Down East Carteret County used to be an active fishing community, bustling with life and neighbors who were more like family.

However, as time passed, the area has become quiet, with fewer activities and meeting places for those who remained. Many who live in the Down East communities are senior citizens who don’t want to be forgotten.

Luckily, a dedicated group of volunteers has started and maintained the Down East Senior Lunches, where seniors can gather with friends and receive a hot meal.

The lunches are every Thursday afternoon at the Atlantic Scout Hut. They are open to anyone who wants to come enjoy fellowship and a hot meal.

“It’s a good cause,” volunteer Penny Smith said. “I’ve done a lot of things over the years, but I don’t think I’ve ever volunteered or done anything as rewarding as the senior luncheon.”

Ms. Smith said two women started the program around 20 years ago.

In the beginning, there was money coming in from Duke Endowment funds. However, over the years the lunches have become funded completely through volunteer efforts and those at Atlantic United Methodist Church.

“It’s been very good, self-supporting. We have done well,” Ms. Smith said. “People know we are totally nonprofit. We are all volunteer work. We have an annual fundraiser in the fall to raise money for operations.

“We do a ham dinner and offer delivery (during the fundraiser). We’ve learned over the years that they will buy a ticket, they may not come, but they will take a meal,” she continued.

Each week, different volunteer teams come to the Scout Hut to cook whatever meal they feel like serving that day. The team then goes grocery shopping and cooks a large meal for the hungry crowd.

The menu of choice for Feb. 27 was chicken and rice, green beans, mandarin oranges and bread. The crowd was also treated to a salad bar, which is a staple of the senior lunches, and aa array of appetizing desserts.

Ms. Smith and her team started cooking around 8 a.m. and the kitchen filled with the savory smells of the cooking chicken and baked bread. She said as the dynamic of Down East changes over the years, the seniors look forward to meeting with their friends during the lunches.

“When you get down to it, there is nothing in the far Down East area,” she said. “As far as restaurants are concerned, there is nothing. There isn’t a grocery store either. It’s (the senior lunches) a spot where people can come together and hear what’s going on, to chit and chat and talk about what’s going on.”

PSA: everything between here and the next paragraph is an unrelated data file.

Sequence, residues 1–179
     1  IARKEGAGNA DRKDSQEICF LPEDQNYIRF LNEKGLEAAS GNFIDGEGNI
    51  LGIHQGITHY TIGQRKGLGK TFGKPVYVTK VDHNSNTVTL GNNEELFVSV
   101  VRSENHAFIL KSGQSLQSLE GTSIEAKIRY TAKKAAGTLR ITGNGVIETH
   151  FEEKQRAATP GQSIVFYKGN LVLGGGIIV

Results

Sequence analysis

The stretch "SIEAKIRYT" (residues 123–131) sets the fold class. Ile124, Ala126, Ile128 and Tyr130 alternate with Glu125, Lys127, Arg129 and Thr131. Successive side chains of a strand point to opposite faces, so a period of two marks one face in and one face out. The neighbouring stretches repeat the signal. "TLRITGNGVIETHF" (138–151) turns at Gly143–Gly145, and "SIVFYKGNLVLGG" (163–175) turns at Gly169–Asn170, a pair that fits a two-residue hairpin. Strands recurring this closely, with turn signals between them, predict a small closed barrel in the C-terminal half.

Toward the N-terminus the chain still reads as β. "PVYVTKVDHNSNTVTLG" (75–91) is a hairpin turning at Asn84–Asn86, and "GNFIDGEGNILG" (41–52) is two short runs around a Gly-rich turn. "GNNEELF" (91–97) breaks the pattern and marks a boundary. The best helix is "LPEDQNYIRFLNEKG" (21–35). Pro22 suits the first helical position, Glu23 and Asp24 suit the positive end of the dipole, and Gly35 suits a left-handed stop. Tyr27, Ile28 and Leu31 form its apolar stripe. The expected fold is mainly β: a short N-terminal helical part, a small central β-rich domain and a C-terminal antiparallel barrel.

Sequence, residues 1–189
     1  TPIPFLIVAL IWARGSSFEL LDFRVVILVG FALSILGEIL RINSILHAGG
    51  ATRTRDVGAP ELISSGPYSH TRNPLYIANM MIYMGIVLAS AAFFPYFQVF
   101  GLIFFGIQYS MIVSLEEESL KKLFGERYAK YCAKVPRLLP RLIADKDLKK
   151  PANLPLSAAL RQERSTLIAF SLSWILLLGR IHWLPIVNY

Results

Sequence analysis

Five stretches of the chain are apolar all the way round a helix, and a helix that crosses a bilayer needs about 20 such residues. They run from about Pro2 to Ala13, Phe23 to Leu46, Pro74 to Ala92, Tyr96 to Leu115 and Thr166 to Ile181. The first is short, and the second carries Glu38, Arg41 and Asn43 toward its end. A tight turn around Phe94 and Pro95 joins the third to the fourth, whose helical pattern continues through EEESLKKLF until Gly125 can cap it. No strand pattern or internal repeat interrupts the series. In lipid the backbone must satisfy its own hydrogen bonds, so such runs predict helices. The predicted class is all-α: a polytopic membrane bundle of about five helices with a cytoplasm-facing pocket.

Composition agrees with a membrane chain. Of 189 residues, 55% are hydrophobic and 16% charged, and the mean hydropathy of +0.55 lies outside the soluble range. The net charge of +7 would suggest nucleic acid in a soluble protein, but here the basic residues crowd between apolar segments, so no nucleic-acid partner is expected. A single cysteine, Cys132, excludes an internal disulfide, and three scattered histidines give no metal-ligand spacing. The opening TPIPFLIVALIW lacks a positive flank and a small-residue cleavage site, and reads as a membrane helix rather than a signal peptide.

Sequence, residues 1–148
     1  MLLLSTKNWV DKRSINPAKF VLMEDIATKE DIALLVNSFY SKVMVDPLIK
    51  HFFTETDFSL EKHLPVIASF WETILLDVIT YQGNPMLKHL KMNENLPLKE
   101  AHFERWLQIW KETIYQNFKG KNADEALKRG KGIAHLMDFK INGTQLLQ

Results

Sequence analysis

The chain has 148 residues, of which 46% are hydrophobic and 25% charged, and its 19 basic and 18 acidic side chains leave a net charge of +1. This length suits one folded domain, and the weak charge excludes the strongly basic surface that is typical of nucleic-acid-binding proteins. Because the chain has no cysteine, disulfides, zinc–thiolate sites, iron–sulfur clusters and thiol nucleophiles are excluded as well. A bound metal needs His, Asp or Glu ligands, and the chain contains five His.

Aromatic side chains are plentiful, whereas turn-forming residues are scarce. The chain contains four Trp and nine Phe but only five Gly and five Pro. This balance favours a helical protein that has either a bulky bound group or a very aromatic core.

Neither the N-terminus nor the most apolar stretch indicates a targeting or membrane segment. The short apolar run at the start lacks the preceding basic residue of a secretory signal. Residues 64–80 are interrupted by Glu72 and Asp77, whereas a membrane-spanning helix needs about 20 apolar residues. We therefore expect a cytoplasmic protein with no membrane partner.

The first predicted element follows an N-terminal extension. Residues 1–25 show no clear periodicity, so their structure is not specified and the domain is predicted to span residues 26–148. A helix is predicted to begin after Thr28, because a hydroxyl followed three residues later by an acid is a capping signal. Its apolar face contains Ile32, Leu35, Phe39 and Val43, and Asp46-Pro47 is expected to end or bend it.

As the crowd slowly filled the center, the feeling of community and friendship was evident.

“How are you doing today? Have you been to town lately?” people would ask as they saw their friends walk through the door.

Some in attendance, like Earl and Janice Fulcher of Davis, have been coming to the lunch since its inception.

The regulars have their own way of doing things during the lunches. There are no official assigned seats, but everyone knows exactly where to sit.

“We’ve been doing it umpteen many years,” Ms. Fulcher said. “I was cooking and other things. Then I aged out of it.”

Ms. Fulcher said she and her husband come to the lunches for the camaraderie.

“Earl would say every Thursday morning when he wakes up, ‘We are going home today,’” Ms. Fulcher said. “This is home for both of us.”

Laura Hill of Atlantic said she comes not for the food, but to spend time with her friends.

“We have so little chances to see people,” she said. “We see people at church, but there’s really little other choice.”

Veda Styron, Ms. Smith’s mother, is another resident who has been coming frequently since the luncheon’s inception.

“I was here when it first started,” she said. “We live in Cedar Island, and I remember I would come here and peel potatoes and that kind of stuff. The men would go outside and cook.”

Ms. Styron doesn’t help out as much now, but she still enjoys the fellowship.

“Now I come and do little things here and there,” she said. “I enjoy being with the crowd. They are people I’ve known my whole life.”

The luncheon is also open to those who consider themselves “transplants,” like Barney Collins and Jackie Riggsbee.

“We live in Pittsboro, but have a home in Sea Level,” Mr. Collins said. “We are here about half the time.”

The couple heard about the senior lunches from Ms. Smith and thought it would be a good way to get themselves immersed in the community.

“It’s a fun place to come and make friends,” Ms. Riggsbee said.

Mr. Collins agreed.

“I like to come because all of the people are entertaining,” he said. “They have a ball. I am 83, but I don’t feel 83 when I am here.”

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